Almost 250 years ago, the RA's founding members agreed to hold an "Annual Exhibition of Paintings, Sculptures and Designs … open to all Artists", to help finance the training of young artists in the Royal Academy Schools. To mark this momentous occasion, the exhibition this year has been co-ordinated by Grayson Perry RA along with a Summer Exhibition Committee of Royal Academicians.

    The Summer Exhibition is the largest open submission exhibition in the world. It opens on 12 June 2018 and showcases a variety of work in all media, including painting, sculpture, photography, printmaking, architecture and film, and provides a unique window onto all areas of the contemporary art world.

    Also opening on 12 June 2018, The Great Spectacle tells the story of 250 years of the Summer Exhibition. In telling the story of these shows, this display offers an illuminating celebration of the Academy’s first 250 years and demonstrates the impact of these exhibitions on art in Britain and internationally.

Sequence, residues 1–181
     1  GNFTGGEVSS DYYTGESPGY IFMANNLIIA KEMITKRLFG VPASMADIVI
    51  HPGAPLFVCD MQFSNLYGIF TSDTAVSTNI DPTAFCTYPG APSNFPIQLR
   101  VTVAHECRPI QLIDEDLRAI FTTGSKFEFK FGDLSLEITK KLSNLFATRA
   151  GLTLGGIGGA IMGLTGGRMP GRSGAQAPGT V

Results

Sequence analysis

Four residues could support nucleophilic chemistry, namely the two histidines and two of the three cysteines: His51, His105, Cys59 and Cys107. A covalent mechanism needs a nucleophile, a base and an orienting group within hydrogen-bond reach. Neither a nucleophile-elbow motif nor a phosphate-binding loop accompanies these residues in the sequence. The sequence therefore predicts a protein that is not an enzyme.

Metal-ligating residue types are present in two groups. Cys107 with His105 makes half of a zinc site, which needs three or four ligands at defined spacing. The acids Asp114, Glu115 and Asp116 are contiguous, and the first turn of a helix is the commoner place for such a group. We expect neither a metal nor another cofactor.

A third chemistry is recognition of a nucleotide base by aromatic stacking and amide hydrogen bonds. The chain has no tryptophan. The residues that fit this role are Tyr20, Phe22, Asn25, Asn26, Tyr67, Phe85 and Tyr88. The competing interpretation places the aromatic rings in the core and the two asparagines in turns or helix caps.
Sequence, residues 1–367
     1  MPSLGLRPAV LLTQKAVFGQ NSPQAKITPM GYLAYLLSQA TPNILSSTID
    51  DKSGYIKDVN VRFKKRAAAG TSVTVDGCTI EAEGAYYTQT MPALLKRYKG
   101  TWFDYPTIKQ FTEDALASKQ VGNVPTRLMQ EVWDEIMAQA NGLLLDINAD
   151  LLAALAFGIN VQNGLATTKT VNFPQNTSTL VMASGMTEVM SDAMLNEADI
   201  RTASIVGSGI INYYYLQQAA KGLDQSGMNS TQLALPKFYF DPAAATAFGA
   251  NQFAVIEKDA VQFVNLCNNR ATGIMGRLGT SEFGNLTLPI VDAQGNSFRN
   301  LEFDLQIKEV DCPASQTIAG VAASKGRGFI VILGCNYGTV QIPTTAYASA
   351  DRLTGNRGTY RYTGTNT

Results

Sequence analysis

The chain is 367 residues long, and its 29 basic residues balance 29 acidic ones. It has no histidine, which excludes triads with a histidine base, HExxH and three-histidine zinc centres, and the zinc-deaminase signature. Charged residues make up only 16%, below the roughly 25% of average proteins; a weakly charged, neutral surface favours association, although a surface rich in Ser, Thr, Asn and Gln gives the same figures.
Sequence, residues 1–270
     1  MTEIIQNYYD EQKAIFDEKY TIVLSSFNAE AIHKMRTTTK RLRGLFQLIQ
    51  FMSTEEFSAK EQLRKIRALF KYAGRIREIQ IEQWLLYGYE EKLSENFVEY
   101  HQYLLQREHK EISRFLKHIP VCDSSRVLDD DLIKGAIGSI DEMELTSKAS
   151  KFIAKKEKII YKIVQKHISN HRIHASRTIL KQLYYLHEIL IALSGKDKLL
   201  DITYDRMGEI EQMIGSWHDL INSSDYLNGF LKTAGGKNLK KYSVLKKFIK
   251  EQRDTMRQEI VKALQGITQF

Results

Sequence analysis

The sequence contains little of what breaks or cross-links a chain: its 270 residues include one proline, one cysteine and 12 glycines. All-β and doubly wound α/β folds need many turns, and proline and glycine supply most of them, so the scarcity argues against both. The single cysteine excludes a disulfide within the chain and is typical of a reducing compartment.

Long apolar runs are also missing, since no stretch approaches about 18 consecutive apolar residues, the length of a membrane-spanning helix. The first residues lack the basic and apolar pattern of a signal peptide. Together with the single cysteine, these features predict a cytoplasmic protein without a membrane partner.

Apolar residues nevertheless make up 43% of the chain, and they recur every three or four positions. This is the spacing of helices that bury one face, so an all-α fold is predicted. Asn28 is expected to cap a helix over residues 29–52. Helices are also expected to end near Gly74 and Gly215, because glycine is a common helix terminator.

If you are planning a holiday to London this June, check-out Fraser Suites Queens Gate special offers and promotions! We are located in the heart of Kensington and surrounded by tourist attractions and large department stores such as Harrods. 


    Laura Porter writes and contributes to many other publications while maintaining an impressive afternoon tea addiction. You can find Laura on Twitter as @AboutLondon and on Facebook as @AboutLondonLaura.


    Required image credits: Hope to Nope, Design Museum: Women's March, Wellington, NZ, credit Andy McArthur  |  Frida Kahlo, V&A: Frida Kahlo with Olmec figurine, 1939. Photograph Nickolas Muray. © Nickolas Muray Photo Archives  |  Serpentine Gallery: Christo © Wolfgang Volz